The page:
The need for better education and educational activities to build students and make them efficient in production and other endeavours of life is largely dependent on their class size, psychological classroom environment and how teachers are able to supervise students in class. Delong and Winter (1998) add that class size management strategies have a strong potential to positively influence students‟ achievement and learning. They are paramount concern for many teachers, especially novices and teachers who are contemplating new instructional approaches for the first time.

The medium through which the attainment of individuals and the nation‟s education can be achieved is learning outcomes. Learning outcomes have become a phenomenon of interest to all and these accounts for the reason why scholars have been working hard to unravel factors that militate against academic performance (Aremu & Sokan, 2003). This phenomenon has been variedly referred to in literature as academic achievements, or scholastic functioning. Academic achievements of learners have attracted the attention of scholars, parents, policy makers and planners.

In an attempt to provide good education worldwide, many factors have been identified as being responsible for the falling standard of education. Among such factors are the issues of large class size and poor psychological classroom environments of students. Adeyemi (2008) defined class size as an educational tool that can be described as an average number of students per class in a school, while Kedney (1989) described it as a tool that can be used to measure performance of the educational system. Similarly, Hoffman (1980) described it as the number of students per a teacher in a class.

A psychological environment is created based on the interaction of key players in the classroom, namely students and teachers. Research in this area has varied greatly and proliferated during the early twenty-first century. Studies have been particularly concentrated on student class participation rates, teacher support, and communication of learning goals.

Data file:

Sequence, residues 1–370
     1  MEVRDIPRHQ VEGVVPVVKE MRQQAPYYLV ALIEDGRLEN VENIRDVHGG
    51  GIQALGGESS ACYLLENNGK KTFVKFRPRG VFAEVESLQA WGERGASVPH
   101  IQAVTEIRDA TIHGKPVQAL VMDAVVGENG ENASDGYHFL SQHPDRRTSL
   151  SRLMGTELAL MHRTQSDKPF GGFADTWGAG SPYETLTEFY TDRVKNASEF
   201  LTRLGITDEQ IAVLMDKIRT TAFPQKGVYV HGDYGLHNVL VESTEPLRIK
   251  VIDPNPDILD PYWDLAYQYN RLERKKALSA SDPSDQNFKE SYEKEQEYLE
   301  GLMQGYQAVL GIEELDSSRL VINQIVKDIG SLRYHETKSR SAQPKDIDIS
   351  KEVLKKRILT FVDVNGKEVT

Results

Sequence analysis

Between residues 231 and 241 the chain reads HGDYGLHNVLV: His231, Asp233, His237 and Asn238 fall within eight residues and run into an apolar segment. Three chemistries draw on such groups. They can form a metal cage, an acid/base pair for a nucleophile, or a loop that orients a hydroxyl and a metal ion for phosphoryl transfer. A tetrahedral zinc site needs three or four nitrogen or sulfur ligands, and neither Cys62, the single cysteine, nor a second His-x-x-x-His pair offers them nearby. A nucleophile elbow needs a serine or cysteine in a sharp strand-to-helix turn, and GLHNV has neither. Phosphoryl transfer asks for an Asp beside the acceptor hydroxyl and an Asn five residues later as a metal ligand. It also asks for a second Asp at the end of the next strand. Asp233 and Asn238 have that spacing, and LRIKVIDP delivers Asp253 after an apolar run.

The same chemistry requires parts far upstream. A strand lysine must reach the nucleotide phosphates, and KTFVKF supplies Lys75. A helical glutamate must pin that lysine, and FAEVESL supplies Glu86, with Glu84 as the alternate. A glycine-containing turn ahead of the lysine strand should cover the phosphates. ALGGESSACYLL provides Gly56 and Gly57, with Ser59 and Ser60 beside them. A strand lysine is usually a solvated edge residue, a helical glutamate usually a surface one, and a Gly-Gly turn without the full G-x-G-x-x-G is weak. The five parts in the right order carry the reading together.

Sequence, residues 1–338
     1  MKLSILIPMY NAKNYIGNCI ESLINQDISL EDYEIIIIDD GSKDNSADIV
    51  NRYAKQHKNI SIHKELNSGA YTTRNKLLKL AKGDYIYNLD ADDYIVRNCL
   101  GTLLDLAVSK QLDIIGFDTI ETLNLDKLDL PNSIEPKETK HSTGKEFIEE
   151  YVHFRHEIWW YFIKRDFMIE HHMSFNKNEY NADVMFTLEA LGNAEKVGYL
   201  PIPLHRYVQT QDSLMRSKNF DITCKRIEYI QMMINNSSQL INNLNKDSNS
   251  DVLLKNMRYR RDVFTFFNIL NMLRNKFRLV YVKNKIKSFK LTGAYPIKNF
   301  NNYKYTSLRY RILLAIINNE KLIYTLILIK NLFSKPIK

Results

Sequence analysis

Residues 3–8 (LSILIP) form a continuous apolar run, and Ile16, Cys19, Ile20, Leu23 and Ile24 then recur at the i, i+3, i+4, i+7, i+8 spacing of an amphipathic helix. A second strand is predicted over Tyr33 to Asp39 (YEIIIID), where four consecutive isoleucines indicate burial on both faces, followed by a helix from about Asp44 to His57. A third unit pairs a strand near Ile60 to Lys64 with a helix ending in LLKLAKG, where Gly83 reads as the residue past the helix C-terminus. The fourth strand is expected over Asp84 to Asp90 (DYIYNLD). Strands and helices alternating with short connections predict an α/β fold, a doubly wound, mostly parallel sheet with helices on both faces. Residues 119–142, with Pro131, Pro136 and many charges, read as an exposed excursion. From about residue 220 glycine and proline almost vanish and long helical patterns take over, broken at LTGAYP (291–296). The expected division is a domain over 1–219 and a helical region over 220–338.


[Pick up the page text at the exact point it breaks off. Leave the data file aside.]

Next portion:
The notion of feeling supported as students have also been extensively examined in the classroom environment literature. Patrick, Ryan, and Kaplan (2007) found that there is a strong, positive relationship between students' level of motivation and engagement and their perceptions of the classroom environment as being socially supportive. The perception of a climate of mutual respect is required in order for students to increase their use of effective study strategies and increase feelings of confidence about their ability to successfully complete assignments. Furthermore, when students perceive that they receive emotional support and encouragement from their teachers and academic support from their peers they are more likely to be on-task in the classroom and use self-regulated strategies.

The national population growth of about 3.7% per annum puts a lot of pressure on the existing deteriorating PSHSs educational facilities in the country. The situation is most prevalent in PSHSs in the Ashanti Region. This problem can be attributed to the fact that Ashanti Region, being the fortress of education and sport competition in Ghana has some of the good PSHSs that are good academically and in sporting events in the country. For instance, the in 2014 academic year the average number of students in the General science and General Arts classes at Kumasi Girls School was 60 respectively. In Kumasi High School, the average number of students in a Science or General Arts class was 57. At Prempeh College, a similar report indicated 62 students in the Business, Visual Arts and Science classes. At Armed Forces Senior High and University Practice Senior High School almost all the classes have more than 55 students in all classes. The researcher wants to check if the overcrowded students in classes and their psychological classroom environment have a link with their academic performances.